A summary of the recent decision in the transgender case, and some of the submissions by the various lawyers.

UPDATED (15 October 2015): The decision of the Federal Court allowing the government’s appeal on a preliminary issue is now out, and is found at the end of the article.

The three Respondent Muslim Transgenders were living in the State of Negeri Sembilan. Each of them had the confirmed medical condition called ‘Gender Identity Disorder’ (GID), which led to their expressing themselves as women by wearing women’s clothes and make-up in public. The medical evidence established that the said medical condition is something that the Transgenders did not choose and cannot change.

Section 66 of the Syariah Criminal Enactment 1992 (Negeri Sembilan) provided that:-

“Any male person who, in any public place wears a woman’s attire or poses as a woman shall be guilty of an offence and shall be liable on conviction to a fine not exceeding one thousand ringgit or to imprisonment for a term not exceeding six months or to both.”

Since the provision made no exception for those with GID, the Transgenders were repeatedly detained, arrested and prosecuted for wearing women’s attire or posing as a woman by the religious authorities of Negeri Sembilan.

They therefore applied to the High Court of Seremban for a declaration by way of judicial review that s66 was void by reason of being inconsistent with arts 5(1) (life and personal liberty), 8(1) (equality), (2) (gender discrimination), 9(2) (freedom of movement) and 10(1)(a) (freedom of speech, assembly and association) of the Constitution.

Whilst leave to apply for judicial review was granted, the substantive application was heard by another judge who dismissed the application, holding that the behaviour of the Transgenders was likely to lead to homosexual relationships and therefore a heightened threat of HIV/AIDS, so that the effect of s66 was to prevent a greater harm to society and which benefit outweighed the constitutional rights of the Transgenders.

The Transgenders subsequently appealed against the High Court’s decision to the Court of Appeal.

The Court of Appeal heard the parties for two days. They were made aware of the June 2014 arrest of 16 Transgender guests and Mak Andam (bridal make-up artist) at a Malay wedding in Bahau, Negeri Sembilan pursuant to s66. The Court of Appeal reserved its decision, and then unanimously held that s66 was inconsistent with articles 5(1), 8(1)–(2), 9(2) and 10(1)(a) of the Federal Constitution and was therefore void. [Click here for the summary of the decision and full judgement here.]

Most in the transgender community, and right thinking members of civil society in Malaysia, rejoiced.

In January 2015, the Federal Court granted leave to the State Government of Negeri Sembilan to appeal the Court of Appeal’s decision, and granted leave to the Islamic Religious Council of Negeri Sembilan (Majlis Agama Islam Negeri Sembilan) to intervene in the appeal. The Federal Court framed the following questions for determination:-

“Whether section 66 of the Syariah Criminal Enactment 1992 (Enactment 4 of 1992) of Negeri Sembilan contravenes articles 5(1), 8(1), 8(2), 9(2) and 10(1)(a) of the Federal Constitution.”

The submissions by the lawyers for the substantive appeal were as follows:-

– Submissions of lawyers for Negeri Sembilan – Part 1 and Part 2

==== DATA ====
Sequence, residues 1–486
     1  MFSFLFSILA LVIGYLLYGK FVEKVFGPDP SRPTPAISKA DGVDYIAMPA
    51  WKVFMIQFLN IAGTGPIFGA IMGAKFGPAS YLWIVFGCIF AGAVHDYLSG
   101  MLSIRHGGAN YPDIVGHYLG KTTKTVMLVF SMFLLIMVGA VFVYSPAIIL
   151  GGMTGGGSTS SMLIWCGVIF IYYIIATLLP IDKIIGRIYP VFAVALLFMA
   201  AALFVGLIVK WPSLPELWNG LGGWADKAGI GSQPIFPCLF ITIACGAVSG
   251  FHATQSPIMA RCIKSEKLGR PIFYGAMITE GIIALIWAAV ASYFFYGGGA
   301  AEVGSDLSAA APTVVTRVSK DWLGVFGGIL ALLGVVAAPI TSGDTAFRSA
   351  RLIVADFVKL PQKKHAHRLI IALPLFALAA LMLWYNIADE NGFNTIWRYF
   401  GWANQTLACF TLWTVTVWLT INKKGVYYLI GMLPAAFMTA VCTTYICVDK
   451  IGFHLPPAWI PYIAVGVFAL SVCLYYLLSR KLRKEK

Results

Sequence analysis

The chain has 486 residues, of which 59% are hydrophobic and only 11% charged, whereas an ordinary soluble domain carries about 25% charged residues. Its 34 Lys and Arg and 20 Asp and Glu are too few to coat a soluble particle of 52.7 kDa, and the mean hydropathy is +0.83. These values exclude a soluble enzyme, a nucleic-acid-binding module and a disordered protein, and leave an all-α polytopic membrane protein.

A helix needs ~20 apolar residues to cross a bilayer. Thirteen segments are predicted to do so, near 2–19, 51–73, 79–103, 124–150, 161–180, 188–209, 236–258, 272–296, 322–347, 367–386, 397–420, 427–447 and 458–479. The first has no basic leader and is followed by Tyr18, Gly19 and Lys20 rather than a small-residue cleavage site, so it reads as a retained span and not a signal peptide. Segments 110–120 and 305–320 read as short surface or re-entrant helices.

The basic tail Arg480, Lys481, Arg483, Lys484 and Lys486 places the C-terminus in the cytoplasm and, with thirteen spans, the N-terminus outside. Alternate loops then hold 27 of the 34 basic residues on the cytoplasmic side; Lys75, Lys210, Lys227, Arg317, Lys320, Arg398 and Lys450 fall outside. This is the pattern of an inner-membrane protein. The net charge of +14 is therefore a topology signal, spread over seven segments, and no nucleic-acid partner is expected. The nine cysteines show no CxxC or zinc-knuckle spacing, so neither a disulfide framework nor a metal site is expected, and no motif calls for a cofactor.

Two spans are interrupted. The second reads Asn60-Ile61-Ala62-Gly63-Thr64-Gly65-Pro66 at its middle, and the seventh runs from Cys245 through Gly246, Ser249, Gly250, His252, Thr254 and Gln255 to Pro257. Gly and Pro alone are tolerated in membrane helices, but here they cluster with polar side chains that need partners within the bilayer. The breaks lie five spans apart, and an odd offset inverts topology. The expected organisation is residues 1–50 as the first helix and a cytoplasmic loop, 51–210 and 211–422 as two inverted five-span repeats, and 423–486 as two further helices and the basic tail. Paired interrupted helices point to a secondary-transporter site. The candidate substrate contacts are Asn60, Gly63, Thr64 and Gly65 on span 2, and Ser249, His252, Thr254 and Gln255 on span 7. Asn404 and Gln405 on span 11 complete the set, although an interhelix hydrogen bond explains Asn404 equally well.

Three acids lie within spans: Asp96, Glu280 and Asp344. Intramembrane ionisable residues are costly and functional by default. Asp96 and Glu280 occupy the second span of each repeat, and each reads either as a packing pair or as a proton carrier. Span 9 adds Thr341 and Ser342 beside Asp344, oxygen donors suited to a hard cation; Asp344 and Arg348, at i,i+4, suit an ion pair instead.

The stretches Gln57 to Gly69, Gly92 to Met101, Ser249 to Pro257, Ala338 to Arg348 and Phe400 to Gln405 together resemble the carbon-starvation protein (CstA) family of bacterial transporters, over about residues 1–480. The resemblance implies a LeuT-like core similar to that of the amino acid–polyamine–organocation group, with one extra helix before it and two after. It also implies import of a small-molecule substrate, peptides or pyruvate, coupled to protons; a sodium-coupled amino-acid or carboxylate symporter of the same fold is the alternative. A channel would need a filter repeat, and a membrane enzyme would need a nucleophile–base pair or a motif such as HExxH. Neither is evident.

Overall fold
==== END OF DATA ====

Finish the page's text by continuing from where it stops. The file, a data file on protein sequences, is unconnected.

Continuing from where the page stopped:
– Submissions of the lawyers for the Transgenders, Aston Paiva and Fahri Azzat, are here

On 13 August 2015, the first day of hearing in the Federal Court, the State Government of Negeri Sembilan raised two preliminary objections:-

i) That the Transgenders should have obtained leave of a single Federal Court judge to commence their constitutional challenge, under article 4(4) of the Constitution; and

ii) That the Transgenders should have concluded their Syariah court proceedings under s66 first before instituting their claim for judicial review.

The Federal Court also expressed concern:-

iii) Whether judicial review was the appropriate procedure.

The Trangenders’ reply:-

i) Their challenge is whether s66 is inconsistent with their guaranteed constitutional rights, and not whether the State Government had the competency to make the s66. Only the latter challenge requires leave of the Federal Court;

ii) Violations of constitutional rights may occur not only when a citizen is prosecuted under an allegedly unconstitutional law, but also when a person is arrested, detained or charged under an allegedly unconstitutional law. The effects of a law can be felt without a prosecution, and to insist that a citizen needs to face a prosecution under the law in question before he can challenge its constitutionality could have the perverse effect of encouraging criminal behaviour to test constitutional issues; and

iii) The specific instances of the Transgenders’ arrest, detention and prosecution show that s66 is being enforced against them i.e. they are adversely affected by the enforcement of s66. For the Federal Court to, at this stage, decide that judicial review is not the appropriate procedure would, in effect, be a setting aside of the order granting leave for judicial review in November 2011; in contravention  of O. 53 r 9, RC 2012.

Their lawyers filed written points of clarification which are here.

The matter was fixed for Decision/Judgment on 8th October 2015 at the Federal Court in Putrajaya. The Federal Court allowed the appeal on the preliminary objection, and said that the Transgenders’ ought to have gone directly to the Federal Court.

UPDATED (15 October 2015): The decision of the Federal Court is here.


Justice for Sisters has published a Media Guide for reporting this case, which can be found in BM here. A general media guide for reporting issues relating to transgenders is here.

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5 replies on “The Transgender Case: A Summary”


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